The moral of this jumble of improbabilities and absurdities is certainly liberal and indulgent in the extreme !

D'B....y. Art.

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Art. 36. A Loyal Poctical Gratulation presented to his Mijesty at a

Review of the Kentish Yeomanry Volunteers, Aug. 1, 1799, ia
Mote-Park, Maidstone. By the Rev. Wm. Cole, Maidstone.
4to. is. 6d. Cadell jun. and Davies.

When, as in the present instance, the effusions of the heart are
amiable and praise-worthy, it is with reluctance that we remark any
deficiency of execution : but the inspiration of poetry does not always
accompany even virtuous enthusiasm, nor will the Muses smile on
every loyal votary. It is pleasing to contemplate Mr. Cole's ardor
in the cause of his King and country, and his admiration of the loyal
and independent “ Man of Kent;" and we are sorry to see that the
“ Sisters of the sacred well” should have been so sparing of their fa-
vours to him on this joyful and flattering occasion.

Moo-y. Art. 37. The Pursuit of Happiness. A Poem addressed to a Friend.


The author of this production has not promoted our happiness by
obliging us to read his poem, which has no novelty in the subject,
nor any felicity in the execution.

After Juvenal, Dr. Johnson,
and many others, it is not easy to paint new and striking pictures
of the vanity of human pursuits. The writer abounds in scraps
purloined from others, particularly from Pope ; whom he imitates so
far as to copy that Bard's very inelegant word punk to rhyme to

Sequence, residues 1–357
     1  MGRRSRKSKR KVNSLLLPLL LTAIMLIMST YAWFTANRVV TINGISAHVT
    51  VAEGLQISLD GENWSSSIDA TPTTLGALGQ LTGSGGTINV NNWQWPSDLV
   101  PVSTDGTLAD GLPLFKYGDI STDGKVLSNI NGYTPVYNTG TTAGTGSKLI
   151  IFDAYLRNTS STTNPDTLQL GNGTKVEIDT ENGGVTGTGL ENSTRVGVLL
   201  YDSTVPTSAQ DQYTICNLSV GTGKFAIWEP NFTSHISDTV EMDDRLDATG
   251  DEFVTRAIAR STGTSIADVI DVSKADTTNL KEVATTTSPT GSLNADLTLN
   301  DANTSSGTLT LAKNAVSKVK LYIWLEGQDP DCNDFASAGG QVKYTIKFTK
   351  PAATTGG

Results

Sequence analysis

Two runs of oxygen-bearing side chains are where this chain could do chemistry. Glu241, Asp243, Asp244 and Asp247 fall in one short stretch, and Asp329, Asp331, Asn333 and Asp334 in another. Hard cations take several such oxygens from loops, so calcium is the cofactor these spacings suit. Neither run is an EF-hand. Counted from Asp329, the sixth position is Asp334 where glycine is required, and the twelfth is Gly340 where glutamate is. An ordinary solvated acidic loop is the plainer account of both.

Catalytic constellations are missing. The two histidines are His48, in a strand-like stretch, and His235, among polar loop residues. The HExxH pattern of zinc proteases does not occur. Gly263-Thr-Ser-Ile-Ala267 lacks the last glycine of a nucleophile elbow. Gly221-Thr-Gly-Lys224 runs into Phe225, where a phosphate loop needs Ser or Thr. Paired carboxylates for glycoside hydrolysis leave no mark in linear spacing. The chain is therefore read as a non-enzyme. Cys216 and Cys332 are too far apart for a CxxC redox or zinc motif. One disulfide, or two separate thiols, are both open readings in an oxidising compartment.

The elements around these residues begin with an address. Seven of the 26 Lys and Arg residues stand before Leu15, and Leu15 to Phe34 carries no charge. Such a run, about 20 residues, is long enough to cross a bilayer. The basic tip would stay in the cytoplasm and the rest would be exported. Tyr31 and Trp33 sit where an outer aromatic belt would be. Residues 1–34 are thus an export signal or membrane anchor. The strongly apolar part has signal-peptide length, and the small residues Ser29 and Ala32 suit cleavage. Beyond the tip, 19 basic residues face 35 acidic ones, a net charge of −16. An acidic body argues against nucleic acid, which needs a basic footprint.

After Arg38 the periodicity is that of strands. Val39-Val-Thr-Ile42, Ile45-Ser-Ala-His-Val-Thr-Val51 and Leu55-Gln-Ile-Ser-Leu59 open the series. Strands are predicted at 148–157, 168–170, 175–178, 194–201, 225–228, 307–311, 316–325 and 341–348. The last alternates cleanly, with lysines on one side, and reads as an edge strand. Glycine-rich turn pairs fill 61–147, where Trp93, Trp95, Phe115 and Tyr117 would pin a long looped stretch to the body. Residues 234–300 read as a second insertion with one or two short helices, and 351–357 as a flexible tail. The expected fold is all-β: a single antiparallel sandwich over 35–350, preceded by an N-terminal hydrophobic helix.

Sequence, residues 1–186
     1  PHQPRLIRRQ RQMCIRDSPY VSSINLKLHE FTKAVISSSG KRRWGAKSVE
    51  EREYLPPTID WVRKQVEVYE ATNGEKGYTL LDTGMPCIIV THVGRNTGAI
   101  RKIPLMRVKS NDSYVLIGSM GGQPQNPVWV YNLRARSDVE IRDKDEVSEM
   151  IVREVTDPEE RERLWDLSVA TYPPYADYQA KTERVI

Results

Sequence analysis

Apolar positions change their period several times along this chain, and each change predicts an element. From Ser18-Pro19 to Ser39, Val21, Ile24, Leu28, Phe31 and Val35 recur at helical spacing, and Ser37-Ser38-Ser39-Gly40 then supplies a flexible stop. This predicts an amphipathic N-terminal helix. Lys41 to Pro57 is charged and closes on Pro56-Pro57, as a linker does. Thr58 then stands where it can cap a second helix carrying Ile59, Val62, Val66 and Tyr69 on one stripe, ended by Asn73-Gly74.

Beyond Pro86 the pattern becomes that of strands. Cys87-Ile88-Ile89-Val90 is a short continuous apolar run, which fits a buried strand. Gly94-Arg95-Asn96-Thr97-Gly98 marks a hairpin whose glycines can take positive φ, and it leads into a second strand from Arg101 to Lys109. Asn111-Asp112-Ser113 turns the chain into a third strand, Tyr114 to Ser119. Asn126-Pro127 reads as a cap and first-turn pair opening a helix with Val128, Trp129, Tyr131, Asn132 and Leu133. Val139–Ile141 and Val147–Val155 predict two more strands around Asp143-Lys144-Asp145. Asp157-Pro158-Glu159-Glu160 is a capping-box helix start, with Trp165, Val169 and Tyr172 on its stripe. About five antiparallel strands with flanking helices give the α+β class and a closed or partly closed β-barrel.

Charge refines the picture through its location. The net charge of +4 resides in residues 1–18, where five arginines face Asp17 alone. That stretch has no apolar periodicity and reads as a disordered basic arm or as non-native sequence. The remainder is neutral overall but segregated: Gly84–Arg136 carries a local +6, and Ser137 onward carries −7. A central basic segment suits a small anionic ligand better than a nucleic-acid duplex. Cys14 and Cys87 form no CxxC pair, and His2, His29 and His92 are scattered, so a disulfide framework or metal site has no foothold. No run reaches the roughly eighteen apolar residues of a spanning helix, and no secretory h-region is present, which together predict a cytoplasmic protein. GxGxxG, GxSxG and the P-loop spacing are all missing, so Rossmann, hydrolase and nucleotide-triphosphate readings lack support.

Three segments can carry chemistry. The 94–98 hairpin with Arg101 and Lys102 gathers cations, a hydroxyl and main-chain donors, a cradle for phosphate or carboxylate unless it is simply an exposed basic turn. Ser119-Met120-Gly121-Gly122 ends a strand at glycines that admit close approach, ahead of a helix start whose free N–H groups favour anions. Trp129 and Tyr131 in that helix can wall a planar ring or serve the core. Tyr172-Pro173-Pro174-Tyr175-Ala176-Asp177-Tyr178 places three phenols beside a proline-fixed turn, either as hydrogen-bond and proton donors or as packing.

Art. 38. Falles, by the Duke of Nivernois. Translated into Eng.

lish Verse. Small 8vo. ' 55. Boards. Cadell jun. and Davies.

These fables were published by the author himself, at Paris, in
1796. How he escaped the guillotine during the carly violence of
the Revolution, we are unable to say ; and his preservation is the more
extraordinary, because, under the old government, his honours, dig-
nities, wealth, and importance in the state, were of the highest class,
and his friendships were innumerable. During his embassy in Eng-
land, after the peace of 1763, he was regarded as an elegant and cul..
tivated man; and he attached himself particularly to men of science
and learning in our country. At his return to Paris, he was received
in the Académie des Sciences ; and during his whole life he not only
patronised but cultivated literature in all its branches. His fables are
well conceived and elegantly versified; though they are certainly
much inferior to those of La Fontaine, of which they have neither the
wit, the simplicity, nor the originality. This he wisely foresaw in
composing them, and therefore he studiously avoided the least ap-
pearance of imitation.

Swist has familiarly said that “ we admire a little wit in a woman, as we do a few words spoken plain by a parrot ;” and wicked democrats will pernaps apply this reflection to men of such high degree as Dukes. M. de Nivernois, however, is not the first person of high rank who has acquired a niche in the temple of fame by his literary abilities : the Duke de la Rochefoucault, who probed the human